There are several different hypotheses as to what causes alopecia areata. Genetic factors seem to play an important role since there is a higher frequency of a family history of alopecia areata in people who are affected. Alopecia areata appears to also have an autoimmune factor causing the patient to develop antibodies to different hair follicle structures. Certain chemicals that are a part of the immune system called cytokines may play a role in alopecia areata by inhibiting hair follicle growth. Some studies show that emotional stress may also cause alopecia areata.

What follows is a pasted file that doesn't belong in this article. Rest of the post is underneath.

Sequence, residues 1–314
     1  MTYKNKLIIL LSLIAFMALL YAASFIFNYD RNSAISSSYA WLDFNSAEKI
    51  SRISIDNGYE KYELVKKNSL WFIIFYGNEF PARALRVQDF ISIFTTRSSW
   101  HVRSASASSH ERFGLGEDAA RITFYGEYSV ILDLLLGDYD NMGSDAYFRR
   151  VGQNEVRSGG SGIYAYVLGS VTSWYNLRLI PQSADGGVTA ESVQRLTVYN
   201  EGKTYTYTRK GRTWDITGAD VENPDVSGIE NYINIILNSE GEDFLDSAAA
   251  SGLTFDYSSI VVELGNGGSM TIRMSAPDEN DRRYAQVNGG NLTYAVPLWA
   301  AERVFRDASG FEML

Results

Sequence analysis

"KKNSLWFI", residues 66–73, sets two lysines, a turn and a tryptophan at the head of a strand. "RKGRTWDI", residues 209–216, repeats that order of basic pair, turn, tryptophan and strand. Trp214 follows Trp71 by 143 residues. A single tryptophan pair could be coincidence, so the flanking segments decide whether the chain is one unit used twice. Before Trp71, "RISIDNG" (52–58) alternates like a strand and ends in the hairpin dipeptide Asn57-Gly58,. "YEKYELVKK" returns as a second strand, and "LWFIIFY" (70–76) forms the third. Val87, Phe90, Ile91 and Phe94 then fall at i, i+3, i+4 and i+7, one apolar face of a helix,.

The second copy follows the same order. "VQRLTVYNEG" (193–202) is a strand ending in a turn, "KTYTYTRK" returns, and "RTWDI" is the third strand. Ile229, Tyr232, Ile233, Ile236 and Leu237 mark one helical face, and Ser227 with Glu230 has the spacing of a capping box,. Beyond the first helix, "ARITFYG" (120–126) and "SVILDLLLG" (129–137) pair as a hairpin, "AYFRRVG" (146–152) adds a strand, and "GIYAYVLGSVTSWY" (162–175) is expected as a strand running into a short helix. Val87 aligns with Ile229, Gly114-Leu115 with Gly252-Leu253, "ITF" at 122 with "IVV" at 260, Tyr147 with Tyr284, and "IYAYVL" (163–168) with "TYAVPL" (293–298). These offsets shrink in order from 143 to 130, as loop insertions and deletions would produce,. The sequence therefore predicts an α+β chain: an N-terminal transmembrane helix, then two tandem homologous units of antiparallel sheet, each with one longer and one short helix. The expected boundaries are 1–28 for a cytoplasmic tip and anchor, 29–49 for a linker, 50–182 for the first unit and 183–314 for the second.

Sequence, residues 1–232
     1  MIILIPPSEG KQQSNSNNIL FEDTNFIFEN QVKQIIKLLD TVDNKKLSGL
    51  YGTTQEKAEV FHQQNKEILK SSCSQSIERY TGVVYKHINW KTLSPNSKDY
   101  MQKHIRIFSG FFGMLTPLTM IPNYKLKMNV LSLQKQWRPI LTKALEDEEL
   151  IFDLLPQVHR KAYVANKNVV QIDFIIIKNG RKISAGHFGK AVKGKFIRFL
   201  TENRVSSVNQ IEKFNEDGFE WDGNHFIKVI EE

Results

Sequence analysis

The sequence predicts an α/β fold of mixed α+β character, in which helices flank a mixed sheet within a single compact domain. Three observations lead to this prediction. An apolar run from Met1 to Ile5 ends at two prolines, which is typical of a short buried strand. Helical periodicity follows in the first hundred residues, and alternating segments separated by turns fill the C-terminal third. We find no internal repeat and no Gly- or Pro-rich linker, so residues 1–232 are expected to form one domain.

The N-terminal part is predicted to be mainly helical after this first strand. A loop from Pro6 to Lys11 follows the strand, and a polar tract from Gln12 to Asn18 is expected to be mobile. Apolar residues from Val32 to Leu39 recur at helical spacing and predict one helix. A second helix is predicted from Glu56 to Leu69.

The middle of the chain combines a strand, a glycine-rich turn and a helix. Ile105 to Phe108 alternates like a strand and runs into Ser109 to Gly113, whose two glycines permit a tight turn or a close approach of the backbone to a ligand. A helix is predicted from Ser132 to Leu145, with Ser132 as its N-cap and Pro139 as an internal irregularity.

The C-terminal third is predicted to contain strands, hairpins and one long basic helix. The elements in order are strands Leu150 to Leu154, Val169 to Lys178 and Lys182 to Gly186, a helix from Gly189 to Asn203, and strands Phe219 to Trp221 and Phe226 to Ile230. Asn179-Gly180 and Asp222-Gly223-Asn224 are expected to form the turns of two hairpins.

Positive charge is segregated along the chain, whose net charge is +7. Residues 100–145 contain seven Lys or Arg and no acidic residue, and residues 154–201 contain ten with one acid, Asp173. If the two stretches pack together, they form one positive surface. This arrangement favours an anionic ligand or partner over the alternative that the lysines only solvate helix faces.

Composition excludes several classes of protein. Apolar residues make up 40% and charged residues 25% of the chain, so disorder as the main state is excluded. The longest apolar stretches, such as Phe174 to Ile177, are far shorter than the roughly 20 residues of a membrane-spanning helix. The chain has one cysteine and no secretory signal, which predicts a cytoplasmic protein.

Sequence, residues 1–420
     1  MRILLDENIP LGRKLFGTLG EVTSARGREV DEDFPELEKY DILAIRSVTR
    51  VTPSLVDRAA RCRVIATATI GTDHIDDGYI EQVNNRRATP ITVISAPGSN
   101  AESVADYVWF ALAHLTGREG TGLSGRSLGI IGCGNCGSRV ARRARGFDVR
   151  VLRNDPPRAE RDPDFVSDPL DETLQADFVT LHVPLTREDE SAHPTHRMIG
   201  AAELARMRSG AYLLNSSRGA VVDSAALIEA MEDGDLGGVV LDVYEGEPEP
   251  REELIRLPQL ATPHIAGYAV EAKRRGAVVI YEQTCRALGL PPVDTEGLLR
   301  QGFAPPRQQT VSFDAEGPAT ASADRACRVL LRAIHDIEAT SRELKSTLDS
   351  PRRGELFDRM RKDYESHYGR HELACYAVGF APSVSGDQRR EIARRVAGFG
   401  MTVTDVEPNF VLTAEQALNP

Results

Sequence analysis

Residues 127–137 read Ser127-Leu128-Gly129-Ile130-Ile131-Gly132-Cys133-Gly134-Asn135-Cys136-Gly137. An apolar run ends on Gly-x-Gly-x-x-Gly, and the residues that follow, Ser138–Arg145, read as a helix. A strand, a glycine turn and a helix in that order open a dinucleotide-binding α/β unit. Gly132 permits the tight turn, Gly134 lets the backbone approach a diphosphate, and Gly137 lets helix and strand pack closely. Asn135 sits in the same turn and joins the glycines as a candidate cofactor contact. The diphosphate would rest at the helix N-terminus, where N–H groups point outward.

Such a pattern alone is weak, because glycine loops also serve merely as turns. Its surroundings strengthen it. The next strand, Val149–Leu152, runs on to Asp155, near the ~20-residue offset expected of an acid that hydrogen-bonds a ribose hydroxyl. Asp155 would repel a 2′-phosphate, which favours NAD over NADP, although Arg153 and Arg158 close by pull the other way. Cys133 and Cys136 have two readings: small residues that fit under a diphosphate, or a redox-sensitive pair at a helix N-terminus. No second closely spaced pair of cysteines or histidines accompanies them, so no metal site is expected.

Hair loss occurs because the hair follicles in a discreet area all enter the telogen or late catagen stage of hair growth. In the catagen stage the hair follicle stops growing and in the telogen stage it falls out. Normally hairs are going through these stages at random and the growing hairs on the rest of the head outnumber the hairs that fall out. In alopecia areata, something causes all the hairs in a certain area to enter the telogen or catagen stage at the same time.